> >>>>
> >>>>
> >>>>Well as I said Bully, it's trial and error; I hang my weight on the
> >>>>overhead pull-down bar at a weight level near what I think equals my
> >>>>own weight, and then adjust up or down, by releasing, earthing out,
> >>>>and putting the pin either higher or lower, until I find I can hang
> >>>>there suspended going neither up nor down!!
> >>>>
> >>>>Having got that right, I then ponder why I can't pull it down seated,
> >>>>knees under the padded restraint, while I strain and grunt like a
> >>>>fucking idiot.
> >>>>
> >>>>As I said earlier, pull-ups and chins - no problem!!
> >>>>
> >>>>HAGW!! ;o)
> >>>>
> >>>
> >>>
> >>>With pulls/chins I think you can effectively discount the entire weight
> >
> > of
> >
> >>>your forearms/hands and half the weight of your upper arms so with your
> >>>bodyweight pulldowns you are probably pulling a stone or so more than
> >
> > when
> >
> >>>you chin.
> >>
> >>Think about that just a little more please...
> >>
> >
> > Okay.
> >
> > I've thought about it a little more. Now what?
>
> Well, while the forearms and hands don't move during chinups/pullups,
> they, along with the upper arms, counterbalance some of the weight
> during pulldowns because as you're trying to pull your arms down,
> gravity is to. And as gravity is a constant on both exercises (unless
> you're in space, lifting on a mountain top, or lifting onboard an
> aircraft at 48,000 ft...), by your reasoning pulldowns should actually
> be easier.
>
I take your point: I was wrong, I was talking shit.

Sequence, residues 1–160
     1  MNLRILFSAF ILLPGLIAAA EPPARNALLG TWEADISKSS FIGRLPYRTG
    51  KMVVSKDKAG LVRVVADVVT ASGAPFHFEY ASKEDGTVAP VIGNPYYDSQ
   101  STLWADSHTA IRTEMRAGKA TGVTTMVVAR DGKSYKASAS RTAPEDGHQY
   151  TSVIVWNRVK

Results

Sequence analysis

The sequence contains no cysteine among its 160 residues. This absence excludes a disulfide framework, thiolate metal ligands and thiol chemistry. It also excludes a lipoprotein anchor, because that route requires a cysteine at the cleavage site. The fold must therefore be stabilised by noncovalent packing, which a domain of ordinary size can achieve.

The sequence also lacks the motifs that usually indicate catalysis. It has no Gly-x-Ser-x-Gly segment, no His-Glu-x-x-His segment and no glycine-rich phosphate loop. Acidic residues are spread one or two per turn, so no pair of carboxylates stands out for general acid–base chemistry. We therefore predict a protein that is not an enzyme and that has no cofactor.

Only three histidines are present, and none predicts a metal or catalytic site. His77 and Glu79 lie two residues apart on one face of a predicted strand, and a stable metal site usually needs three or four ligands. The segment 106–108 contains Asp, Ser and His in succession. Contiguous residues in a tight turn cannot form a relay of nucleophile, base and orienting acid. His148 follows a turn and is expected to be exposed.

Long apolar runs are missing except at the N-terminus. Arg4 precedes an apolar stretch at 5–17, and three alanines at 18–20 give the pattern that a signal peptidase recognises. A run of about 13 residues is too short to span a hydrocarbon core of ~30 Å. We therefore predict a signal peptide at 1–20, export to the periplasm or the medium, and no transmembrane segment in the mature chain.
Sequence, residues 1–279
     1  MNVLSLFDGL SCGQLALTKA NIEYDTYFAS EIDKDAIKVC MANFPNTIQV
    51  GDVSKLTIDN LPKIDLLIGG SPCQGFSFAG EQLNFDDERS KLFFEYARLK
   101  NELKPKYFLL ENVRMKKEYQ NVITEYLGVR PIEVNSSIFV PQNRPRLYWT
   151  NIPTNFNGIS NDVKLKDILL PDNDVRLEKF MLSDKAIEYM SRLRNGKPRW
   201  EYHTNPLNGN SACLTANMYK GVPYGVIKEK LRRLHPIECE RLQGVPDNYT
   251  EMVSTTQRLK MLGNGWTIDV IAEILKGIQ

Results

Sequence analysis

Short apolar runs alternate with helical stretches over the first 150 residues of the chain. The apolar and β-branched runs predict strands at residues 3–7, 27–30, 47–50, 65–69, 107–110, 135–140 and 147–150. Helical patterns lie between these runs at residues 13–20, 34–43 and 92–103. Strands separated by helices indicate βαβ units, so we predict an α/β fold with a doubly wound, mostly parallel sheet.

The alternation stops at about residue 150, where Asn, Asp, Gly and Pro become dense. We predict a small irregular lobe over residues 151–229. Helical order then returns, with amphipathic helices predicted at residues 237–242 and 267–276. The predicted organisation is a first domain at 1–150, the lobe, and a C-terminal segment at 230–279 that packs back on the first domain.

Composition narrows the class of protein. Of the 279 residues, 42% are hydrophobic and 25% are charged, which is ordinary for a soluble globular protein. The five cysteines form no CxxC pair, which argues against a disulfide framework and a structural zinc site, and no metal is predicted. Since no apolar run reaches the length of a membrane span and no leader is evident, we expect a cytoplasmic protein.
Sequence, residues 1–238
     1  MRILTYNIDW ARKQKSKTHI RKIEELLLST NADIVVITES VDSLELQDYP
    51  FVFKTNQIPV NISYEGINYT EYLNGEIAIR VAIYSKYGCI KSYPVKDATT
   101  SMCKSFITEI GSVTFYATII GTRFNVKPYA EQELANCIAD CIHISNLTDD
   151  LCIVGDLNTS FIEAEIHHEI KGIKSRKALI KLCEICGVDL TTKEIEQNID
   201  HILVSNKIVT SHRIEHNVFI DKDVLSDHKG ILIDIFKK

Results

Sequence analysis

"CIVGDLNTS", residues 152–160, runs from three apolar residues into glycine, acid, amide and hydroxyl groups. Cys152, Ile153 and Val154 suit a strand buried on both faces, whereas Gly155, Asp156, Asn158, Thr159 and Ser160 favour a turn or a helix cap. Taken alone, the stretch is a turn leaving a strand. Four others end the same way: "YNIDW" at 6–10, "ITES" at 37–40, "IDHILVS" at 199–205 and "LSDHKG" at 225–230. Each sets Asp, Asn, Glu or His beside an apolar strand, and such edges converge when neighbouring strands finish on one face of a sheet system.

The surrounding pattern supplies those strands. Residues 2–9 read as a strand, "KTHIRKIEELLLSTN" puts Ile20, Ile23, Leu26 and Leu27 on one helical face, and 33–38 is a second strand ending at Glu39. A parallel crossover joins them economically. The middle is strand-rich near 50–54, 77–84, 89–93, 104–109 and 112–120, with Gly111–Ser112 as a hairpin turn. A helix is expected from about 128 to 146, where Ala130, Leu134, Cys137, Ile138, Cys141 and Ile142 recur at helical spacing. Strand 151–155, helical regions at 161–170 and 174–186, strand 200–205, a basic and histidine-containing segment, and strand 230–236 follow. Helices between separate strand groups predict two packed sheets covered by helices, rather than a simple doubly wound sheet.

Rethinking the whole thing I'm not sure (by my reasoning) pulldowns are
easier or harder, they should be the same in terms of the amount of weight
actually lifted. How about this:

Let us assume the poster weighs 80kg of which his forearms weigh 40kg, his
legs weigh 40kg and the rest of his body is weightless (unlikely but it
uncomplicates things). For a pull-up the poster would effectively have to
lift 40 kg only, his forearms remaining stationary and only his heavy legs
being lifted. For the pulldown the legs remain stationary and his massive
forearms effectively counterbalance 40kg (half) of the weight he is trying
to shift effectively leaving 40kg to be hoisted upward. In both cases the
weight of the forearms can be deducted from the load that the poster is
experiencing.

What do you reckon?

SNP.




27 Apr 2004 03:52:11
sooky grumper
Re: chin-ups vs pulldowns

Sir Noel Plum wrote:
> "sooky grumper" <sookygrumper@fishies_.com> wrote in message
> news:408d4c57$1@quokka.wn.com.au...
>
>>Sir Noel Plum wrote:
>>
>>>"sooky grumper" <sookygrumper@fishies_.com> wrote in message
>>>news:408baeb5@quokka.wn.com.au...
>>>
>>>
>>>>Sir Noel Plum wrote:
>>>>
>>>>
>>>>>"John HUDSON" <jrh@fitnwell.net> wrote in message
>>>>>news:0bol809jg3dqigltboi966k8m8kqlgv5ss@4ax.com...
>>>>>
>>>>>
>>>>>
>>>>>>On Sat, 24 Apr 2004 21:12:21 +0100, "Bully" <neil.simpson@virgin.net>
>>>>>>wrote:
>>>>>>
>>>>>>
>>>>>>Well as I said Bully, it's trial and error; I hang my weight on the
>>>>>>overhead pull-down bar at a weight level near what I think equals my
>>>>>>own weight, and then adjust up or down, by releasing, earthing out,
>>>>>>and putting the pin either higher or lower, until I find I can hang
>>>>>>there suspended going neither up nor down!!
>>>>>>
>>>>>>Having got that right, I then ponder why I can't pull it down seated,
>>>>>>knees under the padded restraint, while I strain and grunt like a
>>>>>>fucking idiot.
>>>>>>
>>>>>>As I said earlier, pull-ups and chins - no problem!!
>>>>>>
>>>>>>HAGW!! ;o)
>>>>>>
>>>>>
>>>>>
>>>>>With pulls/chins I think you can effectively discount the entire weight
>>>
>>>of
>>>
>>>